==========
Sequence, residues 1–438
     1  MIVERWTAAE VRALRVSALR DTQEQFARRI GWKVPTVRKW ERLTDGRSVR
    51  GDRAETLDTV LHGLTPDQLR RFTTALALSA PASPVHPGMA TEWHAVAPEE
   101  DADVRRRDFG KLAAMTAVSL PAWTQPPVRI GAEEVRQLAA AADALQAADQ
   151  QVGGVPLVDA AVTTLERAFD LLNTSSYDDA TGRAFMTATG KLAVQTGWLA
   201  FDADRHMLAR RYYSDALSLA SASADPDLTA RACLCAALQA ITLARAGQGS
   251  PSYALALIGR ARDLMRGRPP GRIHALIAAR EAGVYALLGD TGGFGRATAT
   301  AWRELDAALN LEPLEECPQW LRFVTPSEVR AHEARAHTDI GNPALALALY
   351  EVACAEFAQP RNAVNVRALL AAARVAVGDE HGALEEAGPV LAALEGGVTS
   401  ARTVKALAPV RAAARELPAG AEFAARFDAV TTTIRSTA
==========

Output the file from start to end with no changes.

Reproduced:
Sequence, residues 1–438
     1  MIVERWTAAE VRALRVSALR DTQEQFARRI GWKVPTVRKW ERLTDGRSVR
    51  GDRAETLDTV LHGLTPDQLR RFTTALALSA PASPVHPGMA TEWHAVAPEE
   101  DADVRRRDFG KLAAMTAVSL PAWTQPPVRI GAEEVRQLAA AADALQAADQ
   151  QVGGVPLVDA AVTTLERAFD LLNTSSYDDA TGRAFMTATG KLAVQTGWLA
   201  FDADRHMLAR RYYSDALSLA SASADPDLTA RACLCAALQA ITLARAGQGS
   251  PSYALALIGR ARDLMRGRPP GRIHALIAAR EAGVYALLGD TGGFGRATAT
   301  AWRELDAALN LEPLEECPQW LRFVTPSEVR AHEARAHTDI GNPALALALY
   351  EVACAEFAQP RNAVNVRALL AAARVAVGDE HGALEEAGPV LAALEGGVTS
   401  ARTVKALAPV RAAARELPAG AEFAARFDAV TTTIRSTA